NEW SOUTH WALES
The number of defendants finalised in New South Wales increased by 3% (3,553) from 139,847 defendants in 2013–14 to 143,427 defendants in 2014–15.
New South Wales was the second highest contributor to the total number of defendants finalised nationally (after Queensland).
Defendants finalised in New South Wales accounted for 24% of defendants finalised in Australian state and territory criminal courts in 2014–15. (Tables 2 and 14)
In 2014–15, of all defendants finalised in New South Wales:
- 79% (112,920) were male;
- 19% (27,869) were female; and
- 2% (2,247) were organisations.
New South Wales had the smallest proportion of female defendants nationally. (Table 2)
Of the 143,427 defendants finalised in New South Wales:
- 93% (133,528) were finalised in the Magistrates' Courts;
- 4% (6,220) were finalised in the Children's Courts; and
- 3% (3,683) were finalised in the Higher Courts.
Compared with the previous year, the number of defendants finalised in the:
- Magistrates' Courts increased by 3% (4,223);
- Children's Courts decreased by 9% (632); and
- Higher Courts decreased by 1% (27). (Table 14)
In 2014–15, the median age of defendants finalised in New South Wales was 32 years, above the national median of 31 years.
Young defendants (aged 10–19 years) comprised 10% (14,880) of defendants finalised in New South Wales. (Table 2)
In 2014–15, defendants who identified as Aboriginal and Torres Strait Islander represented 13% (10,559) of all finalised defendants in New South Wales (excluding traffic offences and organisations).
The most common principal offence amongst both defendants who identified as Aboriginal and Torres Strait Islander and non-Indigenous defendants was Acts intended to cause injury (39% or 4,149 and 34% or 20,857 respectively).
One-quarter (25% or 2,176) of Aboriginal and Torres Strait Islander defendants proven guilty received a principal sentence of custody in a correctional institution, compared with 13% (6,441) of non-Indigenous defendants. (Table 11)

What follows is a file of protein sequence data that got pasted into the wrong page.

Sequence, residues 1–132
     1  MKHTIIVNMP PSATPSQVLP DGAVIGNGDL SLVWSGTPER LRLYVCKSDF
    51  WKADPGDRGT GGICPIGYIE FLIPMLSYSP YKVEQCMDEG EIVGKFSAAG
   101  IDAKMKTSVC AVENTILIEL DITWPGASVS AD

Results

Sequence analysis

In 2014–15, the three most common principal offences for all finalised defendants were:
- Traffic and vehicle regulatory offences (38% or 54,477);
- Acts intended to cause injury (19% or 27,446); and
- Illicit drug offences (10% or 14,956). (Table 2)
The greatest increase in the number of defendants finalised in New South Wales in 2014–15 occurred amongst those with a principal offence of:
- Illicit drug offences (up 16% or 2,107); followed by
- Offences against justice procedures, government security and government operations (16% or 959).
Defendants with a principal offence of Robbery, extortion and related offences and Unlawful entry with intent/burglary break and enter experienced the largest decreases in 2014–15 (down 15% or 241 and 11% or 342 respectively). (Table 14)
METHOD OF FINALISATION
Of the 143,427 defendants finalised in New South Wales in 2014–15:
DEFENDANTS PROVEN GUILTY
- 86% (122,908) were proven guilty;
- 6% (9,093) had their charges withdrawn by the prosecution;
- 5% (6,605) were acquitted; and
- 3% (4,599) were transferred to another court level. (Table 2)
Of the 122,908 defendants proven guilty
- 70% (85,482) pleaded guilty;
- 20% (24,371) were found guilty ex-parte; and
- 10% (12,893) were found guilty by the court. (Table 14)
Of those defendants proven guilty:
- 14% (16,608) were sentenced to a custodial order; and
- 86% (106,296) were sentenced to a non-custodial order. (Table 7)
There were 10,338 defendants sentenced to custody in a correctional institution in New South Wales in 2014–15. This represented 8% of all finalised defendants proven guilty. (Table 7)
The most common principal offences amongst these defendants, excluding life and indeterminate imprisonment, were:
- Acts intended to cause injury (28% or 2,929), with a median sentence length of 12 months;
- Theft and related offences (12% or 1,259), with a median sentence length of 6 months; and
- Unlawful entry with intent/burglary, break and enter (9% or 955), with a median sentence length of 16 months. (Table 47d)
The median sentence length or fine amount for those who were found guilty and sentenced to:
- Custody in a correctional institution was 12 months, the longest of any state or territory; (Table 47d)
- A community service order was 100 hours; and (Table 48)
- A fine was $500. (Table 49)